fftf 1607441947 - More Than 15 Civil Rights Groups Call on Consumer Reports, Cnet, Tom’s Guide and Other Tech Review Sites to Suspend Their Recommendation of Amazon Ring Cameras

For Immediate Release

Organization Profile: 
Contact: 

Evan Greer, press@fightforthefuture.org, 978-852-6457

More Than 15 Civil Rights Groups Call on Consumer Reports, Cnet, Tom’s Guide and Other Tech Review Sites to Suspend Their Recommendation of Amazon Ring Cameras

WASHINGTON – Today, a coalition of 15+ consumer, privacy, and civil rights organizations launched a new campaign, RescindRing.com. Led by Fight for the Future, Rescind Ring calls on tech reviews to rescind or suspend their recommendation of Amazon Ring doorbell cameras.

The groups–including Fight for the Future, Action Center on Race and The Economy (ACRE), Constitutional Alliance, Demand Progress, Institute for Local Self-Reliance, Kairos Action, Media Alliance, MediaJustice, MPower Change, New York Communities For Change, Oakland Privacy, Open Media and Information Companies Initiative (Open MIC), S.T.O.P. – The Surveillance Technology Oversight Project, Secure Justice, Surveillance Technology Oversight Project (STOP), and United Church of Christ, OC Inc.–argue product reviewers need to consider the overall impact of a product on society at large in addition to the value to consumers in their assessment.

Amazon Ring cameras threaten both society and consumers. Their poor security leaves consumers vulnerable to hacks and leaks as seen in the past year. Their police partnerships challenge fundamental basic liberties, violate sacred privacy rights, and along with Neighbors App–foster racial profiling and increased criminalization of Black and brown people. This racist targeting is especially worrisome when coupled with the fact that roughly half of the police departments partnered with Amazon “are responsible for over a third of fatal police encounters nationwide.”

And recently some Ring doorbell cameras caught fire, prompting Amazon to recall over 350,000 doorbell cameras. This is the latest example of the tech giant moving too quickly, and being reckless with security and safety, in order to flood our communities with cameras.

The detrimental result of Ring devices and partnerships on families, communities, and democracy renders them too unsafe for recommendation.

“Tech blogs can’t say ‘Black Lives Matter’ and then give five star ratings to products that exacerbate racism. Amazon Ring cameras are dangerous, not just for the people who buy them, but for their neighbors, their communities, and society as a whole,” said Evan Greer (she/her) deputy director of Fight for the Future, “Amazon’s monopoly power and aggressive pursuit of surveillance partnerships with police set them apart from their competitors. Ignoring the broader societal impact of a product does not make your review ‘neutral,’ it makes it reckless and incomplete. Product review sites would not recommend, for example, stalkerware apps used by abusers to track their spouses. They shouldn’t recommend harmful products like Ring, either.”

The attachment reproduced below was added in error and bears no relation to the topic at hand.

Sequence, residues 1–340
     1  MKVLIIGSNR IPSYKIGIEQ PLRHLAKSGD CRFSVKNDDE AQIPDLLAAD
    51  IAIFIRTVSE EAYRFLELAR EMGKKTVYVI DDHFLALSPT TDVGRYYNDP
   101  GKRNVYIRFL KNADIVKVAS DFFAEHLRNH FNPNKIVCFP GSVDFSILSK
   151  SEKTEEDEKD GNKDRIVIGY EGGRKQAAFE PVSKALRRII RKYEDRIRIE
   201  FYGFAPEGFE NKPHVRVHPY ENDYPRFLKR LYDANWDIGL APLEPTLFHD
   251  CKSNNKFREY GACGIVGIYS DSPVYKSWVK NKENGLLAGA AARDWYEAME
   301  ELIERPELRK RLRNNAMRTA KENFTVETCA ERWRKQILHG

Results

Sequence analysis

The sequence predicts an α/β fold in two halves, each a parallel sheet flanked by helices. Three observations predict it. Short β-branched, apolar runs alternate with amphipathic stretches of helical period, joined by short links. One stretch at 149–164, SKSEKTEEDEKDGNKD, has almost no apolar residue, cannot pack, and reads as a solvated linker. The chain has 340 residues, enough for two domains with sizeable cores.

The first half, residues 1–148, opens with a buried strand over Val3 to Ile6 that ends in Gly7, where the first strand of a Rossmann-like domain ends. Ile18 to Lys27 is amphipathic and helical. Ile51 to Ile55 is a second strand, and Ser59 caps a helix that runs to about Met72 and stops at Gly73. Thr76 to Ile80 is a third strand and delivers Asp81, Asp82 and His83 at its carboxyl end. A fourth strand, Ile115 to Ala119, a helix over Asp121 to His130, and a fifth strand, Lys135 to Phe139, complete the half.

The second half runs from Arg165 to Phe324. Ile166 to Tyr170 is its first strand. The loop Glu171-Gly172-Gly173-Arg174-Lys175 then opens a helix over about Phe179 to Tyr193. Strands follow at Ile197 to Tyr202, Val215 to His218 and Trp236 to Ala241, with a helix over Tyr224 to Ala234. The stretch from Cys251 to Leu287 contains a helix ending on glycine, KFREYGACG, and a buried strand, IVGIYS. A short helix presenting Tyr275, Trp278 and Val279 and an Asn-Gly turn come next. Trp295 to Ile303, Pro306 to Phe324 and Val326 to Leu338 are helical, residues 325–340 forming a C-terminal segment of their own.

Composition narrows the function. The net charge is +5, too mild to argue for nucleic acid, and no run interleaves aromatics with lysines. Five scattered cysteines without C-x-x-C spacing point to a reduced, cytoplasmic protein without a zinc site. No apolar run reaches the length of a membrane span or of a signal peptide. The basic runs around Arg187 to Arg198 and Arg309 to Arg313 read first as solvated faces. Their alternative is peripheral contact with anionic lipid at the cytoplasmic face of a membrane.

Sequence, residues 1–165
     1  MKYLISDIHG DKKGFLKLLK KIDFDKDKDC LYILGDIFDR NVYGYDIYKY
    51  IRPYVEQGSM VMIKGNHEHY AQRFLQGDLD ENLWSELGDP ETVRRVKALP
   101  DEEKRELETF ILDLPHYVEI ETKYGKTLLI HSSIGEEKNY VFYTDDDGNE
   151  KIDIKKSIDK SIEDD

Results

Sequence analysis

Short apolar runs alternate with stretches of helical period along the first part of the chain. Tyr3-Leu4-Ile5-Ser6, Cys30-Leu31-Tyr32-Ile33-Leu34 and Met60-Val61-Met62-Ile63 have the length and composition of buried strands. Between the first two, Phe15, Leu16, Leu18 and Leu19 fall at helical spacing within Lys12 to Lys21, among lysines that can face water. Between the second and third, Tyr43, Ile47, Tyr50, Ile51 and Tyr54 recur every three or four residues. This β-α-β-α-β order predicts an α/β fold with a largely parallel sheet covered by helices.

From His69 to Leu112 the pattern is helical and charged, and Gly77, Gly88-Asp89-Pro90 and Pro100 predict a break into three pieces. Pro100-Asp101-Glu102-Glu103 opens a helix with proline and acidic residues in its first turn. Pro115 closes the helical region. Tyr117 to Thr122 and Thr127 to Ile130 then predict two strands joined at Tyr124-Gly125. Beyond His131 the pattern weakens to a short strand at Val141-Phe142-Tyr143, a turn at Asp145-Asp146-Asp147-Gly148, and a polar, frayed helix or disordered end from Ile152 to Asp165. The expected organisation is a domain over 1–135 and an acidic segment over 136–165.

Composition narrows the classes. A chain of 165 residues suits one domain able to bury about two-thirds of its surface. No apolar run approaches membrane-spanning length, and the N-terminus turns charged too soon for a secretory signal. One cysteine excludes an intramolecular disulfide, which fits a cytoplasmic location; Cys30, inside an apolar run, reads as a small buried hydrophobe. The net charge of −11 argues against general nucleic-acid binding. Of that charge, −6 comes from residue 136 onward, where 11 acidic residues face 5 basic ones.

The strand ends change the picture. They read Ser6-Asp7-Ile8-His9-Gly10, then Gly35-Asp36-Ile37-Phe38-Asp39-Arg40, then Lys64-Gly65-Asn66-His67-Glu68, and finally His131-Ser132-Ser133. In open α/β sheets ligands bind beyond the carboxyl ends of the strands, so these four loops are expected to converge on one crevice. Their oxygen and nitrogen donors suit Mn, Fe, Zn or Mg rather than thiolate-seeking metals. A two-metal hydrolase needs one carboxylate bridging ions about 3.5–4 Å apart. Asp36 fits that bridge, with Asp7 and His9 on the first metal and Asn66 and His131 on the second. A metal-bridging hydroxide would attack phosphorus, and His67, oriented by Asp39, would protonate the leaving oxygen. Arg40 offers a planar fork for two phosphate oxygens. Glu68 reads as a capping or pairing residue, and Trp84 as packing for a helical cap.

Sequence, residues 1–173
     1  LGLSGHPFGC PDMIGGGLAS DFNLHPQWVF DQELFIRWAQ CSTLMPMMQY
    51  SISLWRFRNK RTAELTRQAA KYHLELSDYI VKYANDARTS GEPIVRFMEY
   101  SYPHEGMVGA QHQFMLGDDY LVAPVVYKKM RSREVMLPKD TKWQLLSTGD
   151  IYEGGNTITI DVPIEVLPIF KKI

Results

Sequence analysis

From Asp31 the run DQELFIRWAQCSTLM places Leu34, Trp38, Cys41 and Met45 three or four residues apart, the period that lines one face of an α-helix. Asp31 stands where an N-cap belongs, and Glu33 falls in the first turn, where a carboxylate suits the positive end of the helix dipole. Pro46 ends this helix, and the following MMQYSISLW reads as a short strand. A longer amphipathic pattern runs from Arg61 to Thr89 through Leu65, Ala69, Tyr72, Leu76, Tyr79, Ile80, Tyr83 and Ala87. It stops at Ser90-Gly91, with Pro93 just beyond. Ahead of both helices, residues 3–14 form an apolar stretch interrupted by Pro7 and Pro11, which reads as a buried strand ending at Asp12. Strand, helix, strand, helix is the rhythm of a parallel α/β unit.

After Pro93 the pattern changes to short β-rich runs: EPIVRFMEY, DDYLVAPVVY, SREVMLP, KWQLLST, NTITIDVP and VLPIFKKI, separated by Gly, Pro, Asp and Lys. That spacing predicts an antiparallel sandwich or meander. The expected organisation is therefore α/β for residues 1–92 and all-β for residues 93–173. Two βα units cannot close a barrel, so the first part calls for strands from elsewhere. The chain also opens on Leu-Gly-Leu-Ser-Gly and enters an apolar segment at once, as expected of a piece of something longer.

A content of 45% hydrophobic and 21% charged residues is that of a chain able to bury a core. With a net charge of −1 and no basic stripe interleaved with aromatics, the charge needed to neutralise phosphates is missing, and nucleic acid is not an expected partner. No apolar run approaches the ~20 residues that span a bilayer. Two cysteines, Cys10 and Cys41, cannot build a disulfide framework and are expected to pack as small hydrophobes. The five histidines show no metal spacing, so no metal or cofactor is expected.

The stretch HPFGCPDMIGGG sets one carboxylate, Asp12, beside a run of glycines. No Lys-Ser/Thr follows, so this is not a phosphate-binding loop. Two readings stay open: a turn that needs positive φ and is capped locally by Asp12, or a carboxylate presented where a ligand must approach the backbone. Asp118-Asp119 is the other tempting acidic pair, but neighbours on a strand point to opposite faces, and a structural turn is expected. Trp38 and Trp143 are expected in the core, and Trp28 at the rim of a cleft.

Ken Mickles, Chief Technical Officer at Fight for the Future, added “Beyond the obvious privacy issues, Ring has a terrible track record when it comes to security even for the users who buy them. High profile incidents where Ring cameras were hacked and used to spy on children forced the company to make some improvements, but from a technical perspective it’s just a bad idea to fill your home with internet-connected devices capable of constantly watching and listening. I’d never trust one of these devices on my front door or around my kids. Review sites are putting their credibility at risk by continuing to recommend these products. Oh, and also they sometimes catch fire?”

The campaign targets CNET, Consumer Reports, Gizmodo, Tom’s Guide, TechRadar, and Digital Trends for best in category Ring recommendations made in the past year. Wirecutter, another target, suspended their Ring review last December but are in the process of reviewing the camera for a possible reversal of suspension. The groups plan to mobilize thousands of supporters to get these sites to rescind their endorsement and update relevant guides before the holidays.

Greer continues, “we know these recommendations play a critical role in purchasing decisions people make during the holidays. It’s important reviewers uphold their commitment to consumers and the trust the public puts in their endorsements by withdrawing or suspending their Ring recommendation. Honestly, this should have happened already. Over the summer a man was killed by sheriffs in a Ring related incident. How many people have to be jailed or killed before tech reviewers realize Ring is not safe for anyone.”

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